I was once chatting with a Southwest pilot in a hotel. He was all pompous and all because he flies a bigger airplane than I do. I told him that I disapprove of WN's requirement that the pilots train themselves at their own cost. I could see him getting pretty hot under the collar.
Starlionblue From Greenland, joined Feb 2004, 16359 posts, RR: 66 Reply 11, posted (8 years 6 months 3 weeks 4 days 21 hours ago) and read 14708 times:
Quoting Saab2000 (Reply 10): He was all pompous and all because he flies a bigger airplane than I do.
Yeah, cause the 738 is really enormous lol.
The problem with pilot jobs is that so many people are pilots due to a "calling". They want to be pilots. Plus you have all the military pilots. So it's easy for employers to be picky with their requirements. If no one wanted to be a pilot except for the money, things would be quite different.
"There are no stupid questions, but there are a lot of inquisitive idiots." - from Citadel by John Ringo
ATCT From United States of America, joined Mar 2001, 2101 posts, RR: 39 Reply 16, posted (8 years 6 months 3 weeks 4 days 6 hours ago) and read 14644 times:
Im surpised that someone wasnt brought up the US ATP license. Last I checked the minimum was 1500 hours. And frankly, at 250 hours (the minimum for a Commercial License) you are going to be hard pressed to find a job flying a Cessna 182 for sky diving let alone an airline. Now you could be lucky (or stubborn, depending on your interpretation) to get a job right seat on something such as a King Air or a single pilot biz jet, but that all depends on who ya know. Anywho if you do want to get into pro-piloting, Id advise your CFI as soon as possible. Anywho best of lucka nd keep the blue side up.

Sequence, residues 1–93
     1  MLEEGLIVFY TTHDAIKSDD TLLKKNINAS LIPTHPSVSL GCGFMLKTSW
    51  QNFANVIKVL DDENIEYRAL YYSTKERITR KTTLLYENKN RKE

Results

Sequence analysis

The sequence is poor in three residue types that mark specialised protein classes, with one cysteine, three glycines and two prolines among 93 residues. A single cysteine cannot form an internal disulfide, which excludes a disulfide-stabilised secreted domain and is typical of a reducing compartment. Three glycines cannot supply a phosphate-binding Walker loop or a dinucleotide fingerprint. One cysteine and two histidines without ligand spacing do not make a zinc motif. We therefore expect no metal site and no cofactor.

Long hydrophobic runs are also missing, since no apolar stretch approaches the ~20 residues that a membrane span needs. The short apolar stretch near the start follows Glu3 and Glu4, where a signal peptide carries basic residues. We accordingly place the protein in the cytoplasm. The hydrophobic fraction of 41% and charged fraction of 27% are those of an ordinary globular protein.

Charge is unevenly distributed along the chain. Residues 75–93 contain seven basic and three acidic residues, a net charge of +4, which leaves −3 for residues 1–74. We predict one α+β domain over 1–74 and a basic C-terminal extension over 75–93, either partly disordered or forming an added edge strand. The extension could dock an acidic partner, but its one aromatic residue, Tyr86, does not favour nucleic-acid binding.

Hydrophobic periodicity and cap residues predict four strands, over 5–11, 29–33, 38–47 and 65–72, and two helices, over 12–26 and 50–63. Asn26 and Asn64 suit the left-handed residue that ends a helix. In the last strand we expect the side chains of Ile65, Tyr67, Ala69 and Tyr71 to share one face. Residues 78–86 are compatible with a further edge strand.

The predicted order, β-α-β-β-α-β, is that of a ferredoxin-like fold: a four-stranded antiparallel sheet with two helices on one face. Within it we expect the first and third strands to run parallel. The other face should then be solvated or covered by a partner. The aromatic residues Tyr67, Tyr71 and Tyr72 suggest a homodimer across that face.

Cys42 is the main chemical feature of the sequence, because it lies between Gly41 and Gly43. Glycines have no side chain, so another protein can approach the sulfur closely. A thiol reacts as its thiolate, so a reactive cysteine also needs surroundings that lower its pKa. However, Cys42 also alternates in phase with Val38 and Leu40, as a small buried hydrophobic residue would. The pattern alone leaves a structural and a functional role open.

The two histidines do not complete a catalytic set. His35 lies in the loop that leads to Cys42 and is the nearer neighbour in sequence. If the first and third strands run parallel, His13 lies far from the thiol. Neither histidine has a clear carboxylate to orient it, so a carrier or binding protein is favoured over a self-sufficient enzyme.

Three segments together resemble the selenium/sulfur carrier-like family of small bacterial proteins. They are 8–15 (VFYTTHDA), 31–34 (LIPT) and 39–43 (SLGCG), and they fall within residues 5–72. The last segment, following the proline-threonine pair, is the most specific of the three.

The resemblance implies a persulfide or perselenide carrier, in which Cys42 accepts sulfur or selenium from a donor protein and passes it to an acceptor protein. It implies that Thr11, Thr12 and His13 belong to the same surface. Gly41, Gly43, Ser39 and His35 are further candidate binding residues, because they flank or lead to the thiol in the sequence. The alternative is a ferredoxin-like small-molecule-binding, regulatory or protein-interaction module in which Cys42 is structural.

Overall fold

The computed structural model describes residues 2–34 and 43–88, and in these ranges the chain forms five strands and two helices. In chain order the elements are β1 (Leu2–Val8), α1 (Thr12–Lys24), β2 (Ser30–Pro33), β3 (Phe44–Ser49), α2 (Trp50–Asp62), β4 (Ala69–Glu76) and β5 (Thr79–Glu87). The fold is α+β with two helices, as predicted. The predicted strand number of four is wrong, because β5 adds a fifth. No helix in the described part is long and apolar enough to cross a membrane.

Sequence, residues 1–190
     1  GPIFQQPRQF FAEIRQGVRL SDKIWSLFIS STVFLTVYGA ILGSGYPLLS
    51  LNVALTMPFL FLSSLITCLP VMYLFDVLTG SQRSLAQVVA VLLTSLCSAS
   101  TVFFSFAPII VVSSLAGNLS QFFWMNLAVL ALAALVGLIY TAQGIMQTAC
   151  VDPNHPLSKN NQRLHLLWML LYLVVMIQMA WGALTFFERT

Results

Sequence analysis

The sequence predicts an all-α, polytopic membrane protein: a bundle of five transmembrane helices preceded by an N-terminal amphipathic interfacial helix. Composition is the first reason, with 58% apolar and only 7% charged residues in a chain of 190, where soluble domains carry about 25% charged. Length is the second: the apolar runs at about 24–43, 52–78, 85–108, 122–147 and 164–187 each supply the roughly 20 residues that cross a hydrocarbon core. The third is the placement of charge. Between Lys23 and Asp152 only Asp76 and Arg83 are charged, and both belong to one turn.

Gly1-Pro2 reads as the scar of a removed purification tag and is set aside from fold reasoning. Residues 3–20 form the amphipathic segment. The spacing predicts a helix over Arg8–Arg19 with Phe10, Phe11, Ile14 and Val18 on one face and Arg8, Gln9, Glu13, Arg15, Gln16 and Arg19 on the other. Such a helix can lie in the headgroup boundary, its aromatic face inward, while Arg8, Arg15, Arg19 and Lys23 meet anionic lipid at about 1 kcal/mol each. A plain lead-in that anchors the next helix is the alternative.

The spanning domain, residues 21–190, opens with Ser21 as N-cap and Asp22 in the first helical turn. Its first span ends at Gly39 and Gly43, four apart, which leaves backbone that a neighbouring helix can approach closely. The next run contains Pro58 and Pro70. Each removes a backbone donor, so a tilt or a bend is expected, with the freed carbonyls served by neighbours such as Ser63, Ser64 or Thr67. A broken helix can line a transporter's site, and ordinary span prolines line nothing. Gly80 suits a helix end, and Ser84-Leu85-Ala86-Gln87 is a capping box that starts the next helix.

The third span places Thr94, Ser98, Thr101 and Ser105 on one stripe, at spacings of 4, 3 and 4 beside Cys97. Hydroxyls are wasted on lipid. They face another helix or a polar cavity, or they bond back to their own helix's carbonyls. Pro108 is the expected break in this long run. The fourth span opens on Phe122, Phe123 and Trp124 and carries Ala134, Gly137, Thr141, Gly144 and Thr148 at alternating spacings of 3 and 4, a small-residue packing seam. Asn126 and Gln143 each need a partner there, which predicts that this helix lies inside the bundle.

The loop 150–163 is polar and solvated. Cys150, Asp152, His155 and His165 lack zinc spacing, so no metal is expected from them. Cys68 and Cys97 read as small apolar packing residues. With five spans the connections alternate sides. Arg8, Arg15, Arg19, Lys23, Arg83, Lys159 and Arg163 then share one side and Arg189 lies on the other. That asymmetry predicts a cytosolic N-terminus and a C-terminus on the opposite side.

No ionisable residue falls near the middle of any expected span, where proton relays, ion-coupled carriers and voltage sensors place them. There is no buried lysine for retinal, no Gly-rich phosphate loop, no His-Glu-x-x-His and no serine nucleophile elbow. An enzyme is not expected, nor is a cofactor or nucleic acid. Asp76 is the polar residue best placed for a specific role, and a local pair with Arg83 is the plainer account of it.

"The way to get started is to quit talking and begin doing." - Walt Disney
Saab2000 From Switzerland, joined Jun 2001, 1608 posts, RR: 11 Reply 17, posted (8 years 6 months 3 weeks 4 days 5 hours ago) and read 14639 times:
The requirements in Europe a different than in the US. If the time requirements of the US were applied to Europe there would be no pilots there because "grass roots" G/A does not exist to nearly the same extent as it does here.
There is no local FBO looking for CFIs. There are not many local glider clubs or parachute clubs or banner towing opportunities.
The training in Europe through the CPL/IFR/ME is much harder than it is in the US.
Most airlines in Europe require a minimum of 200 hours, a current JAA CPL/IFR/ME and a frozen ATPL in order to be competitive. Then the candidate will go through a fairly stringent interview process, often with extensive psychological screening, and a very thorough simulator check. Additionally, a written test is also normal. Only when all that is passed will the candidate get a job.
I saw a lot of good pilots over there never get jobs for one reason or another.
The fact is that the US system does just fine in its production of pilots and Europe does just fine with its system. Neither is better than the other, as they both have a lot of filters before you will ever fly a serious airplane.
Next time anyone gets on an airliner in Europe I bet you would be shocked to hear the flight time of the F/Os.
The job is not that hard hard and it does not take 2000 hours experience to be competent to sit in the right seat of a Dash 8.